Coronavirus Aid, Relief, and Economic Security Act (CARES Act)

| 3/27/2020
Coronavirus Aid, Relief, and Economic Security Act (CARES Act

Congress recently passed Coronavirus relief law

On March 27, Congress passed the Coronavirus Aid, Relief, and Economic Security Act (CARES Act). The law provides significant relief and opportunities. Regulatory guidance on implementing the law and addressing questions that arise will be highly anticipated in the days ahead. Following are highlights of provisions affecting businesses and employers.

Corporate and business tax

Net operating loss (NOL) carrybacks.

The CARES Act restores NOL carrybacks that were eliminated by 2017 tax reform known as the Tax Cuts and Jobs Act or TCJA for businesses and individuals. The new carryback provisions allow for a five-year carryback of NOLs incurred by corporations and individuals in the 2018, 2019, and 2020 tax years. The act also provides for a two-year NOL carryback for losses incurred in fiscal years beginning in 2017 and ending in 2018. The act temporarily removes the 80% limitation on the amount of income that can be offset by post-2017 NOLS through the 2020 tax year. It also provides that an NOL carryback will not affect the 2017 IRC Section 965 transition tax amount.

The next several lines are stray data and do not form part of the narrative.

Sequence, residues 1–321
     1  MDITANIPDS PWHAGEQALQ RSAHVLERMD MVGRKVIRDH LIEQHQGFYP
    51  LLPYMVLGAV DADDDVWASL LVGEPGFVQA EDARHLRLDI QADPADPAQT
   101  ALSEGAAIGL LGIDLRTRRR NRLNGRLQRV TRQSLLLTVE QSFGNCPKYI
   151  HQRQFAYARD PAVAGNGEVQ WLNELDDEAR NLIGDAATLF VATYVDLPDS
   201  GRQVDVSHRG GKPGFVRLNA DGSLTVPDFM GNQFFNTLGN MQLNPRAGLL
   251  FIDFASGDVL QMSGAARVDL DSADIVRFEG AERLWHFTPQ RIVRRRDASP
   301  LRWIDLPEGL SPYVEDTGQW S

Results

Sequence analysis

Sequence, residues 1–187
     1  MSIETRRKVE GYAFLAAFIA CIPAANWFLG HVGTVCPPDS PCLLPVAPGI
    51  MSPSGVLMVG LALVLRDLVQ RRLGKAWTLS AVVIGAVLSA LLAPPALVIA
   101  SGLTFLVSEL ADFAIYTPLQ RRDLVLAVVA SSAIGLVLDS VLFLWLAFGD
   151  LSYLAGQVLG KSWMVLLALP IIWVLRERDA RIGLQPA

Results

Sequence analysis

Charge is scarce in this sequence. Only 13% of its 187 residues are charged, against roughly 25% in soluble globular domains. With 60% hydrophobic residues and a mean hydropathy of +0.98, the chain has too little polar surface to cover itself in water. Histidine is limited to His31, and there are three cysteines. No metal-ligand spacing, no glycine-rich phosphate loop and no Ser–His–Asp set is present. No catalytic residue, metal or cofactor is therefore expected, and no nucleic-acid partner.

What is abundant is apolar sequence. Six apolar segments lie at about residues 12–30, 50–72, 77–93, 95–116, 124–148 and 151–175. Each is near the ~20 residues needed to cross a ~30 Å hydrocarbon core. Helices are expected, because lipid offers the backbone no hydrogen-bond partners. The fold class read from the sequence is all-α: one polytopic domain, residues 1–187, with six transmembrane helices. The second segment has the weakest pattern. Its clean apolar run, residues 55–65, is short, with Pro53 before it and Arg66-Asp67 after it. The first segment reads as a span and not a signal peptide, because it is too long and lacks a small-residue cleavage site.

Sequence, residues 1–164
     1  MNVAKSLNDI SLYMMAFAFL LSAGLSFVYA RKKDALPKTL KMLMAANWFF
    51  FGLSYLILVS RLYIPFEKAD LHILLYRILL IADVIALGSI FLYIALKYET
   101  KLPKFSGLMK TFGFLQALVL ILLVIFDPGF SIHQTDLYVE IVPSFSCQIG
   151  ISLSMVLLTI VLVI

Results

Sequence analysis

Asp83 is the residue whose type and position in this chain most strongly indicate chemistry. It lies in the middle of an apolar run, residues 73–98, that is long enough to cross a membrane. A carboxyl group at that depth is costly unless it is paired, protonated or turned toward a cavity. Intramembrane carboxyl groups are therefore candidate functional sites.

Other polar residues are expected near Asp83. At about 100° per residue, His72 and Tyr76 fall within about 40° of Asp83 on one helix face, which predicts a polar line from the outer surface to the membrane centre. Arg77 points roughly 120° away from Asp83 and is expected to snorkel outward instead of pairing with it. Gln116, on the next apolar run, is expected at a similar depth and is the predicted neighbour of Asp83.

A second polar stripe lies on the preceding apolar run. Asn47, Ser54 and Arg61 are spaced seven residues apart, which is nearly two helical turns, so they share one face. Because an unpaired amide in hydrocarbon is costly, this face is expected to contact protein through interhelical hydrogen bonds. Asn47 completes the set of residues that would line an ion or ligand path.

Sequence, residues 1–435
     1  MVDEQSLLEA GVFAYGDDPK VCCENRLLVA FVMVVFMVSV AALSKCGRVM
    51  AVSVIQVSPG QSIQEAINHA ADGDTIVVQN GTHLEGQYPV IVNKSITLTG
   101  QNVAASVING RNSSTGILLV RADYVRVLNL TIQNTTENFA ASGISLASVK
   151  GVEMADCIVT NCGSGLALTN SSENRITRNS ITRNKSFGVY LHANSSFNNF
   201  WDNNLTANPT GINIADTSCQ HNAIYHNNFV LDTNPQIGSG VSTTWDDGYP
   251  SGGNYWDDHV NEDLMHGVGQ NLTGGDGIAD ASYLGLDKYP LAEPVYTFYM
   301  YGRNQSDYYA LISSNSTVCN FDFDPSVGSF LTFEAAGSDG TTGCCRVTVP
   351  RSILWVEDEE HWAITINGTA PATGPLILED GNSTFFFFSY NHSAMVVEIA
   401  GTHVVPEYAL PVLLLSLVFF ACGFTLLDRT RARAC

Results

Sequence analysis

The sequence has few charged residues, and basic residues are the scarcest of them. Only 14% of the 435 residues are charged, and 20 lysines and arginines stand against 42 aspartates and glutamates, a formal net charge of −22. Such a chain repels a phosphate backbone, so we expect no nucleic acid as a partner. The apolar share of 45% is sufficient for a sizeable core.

Refundable alternative minimum tax (AMT) credits.

The TCJA repealed the corporate AMT and provided that credits for prior year minimum tax would be refunded over a four-year period from 2018 through 2021. The CARES Act accelerates the refund of these credits under one of two options:

  • The default option gives the balance of the refundable credit to taxpayers with their 2019 tax return.
  • An election is available to allow taxpayers to claim a refund of the entire credit in 2018

Business interest expense limitation.

The TCJA added a limitation on the deductibility of business interest. Interest expense deductions were capped at 30% of adjusted taxable income (ATI). The CARES Act increases the deduction to 50% of ATI for the 2019 and 2020 tax years. The act also allows taxpayers to make an election to use their 2019 ATI in the computation of the 2020 interest expense limitation. This increased deduction and election will benefit taxpayers that have a significant decline in 2020 income.

Qualified improvement property.

In the TCJA, Congress intended to treat certain real estate improvements called qualified improvement property (QIP) as having a 15-year life that was eligible for 100% bonus depreciation. Due to an apparent drafting error, the statute did not make QIP eligible for bonus depreciation. The CARES Act restores bonus depreciation for QIP retroactively to enactment of the TCJA.

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Paycheck Protection Program

Loan program for retaining employee and pay levels.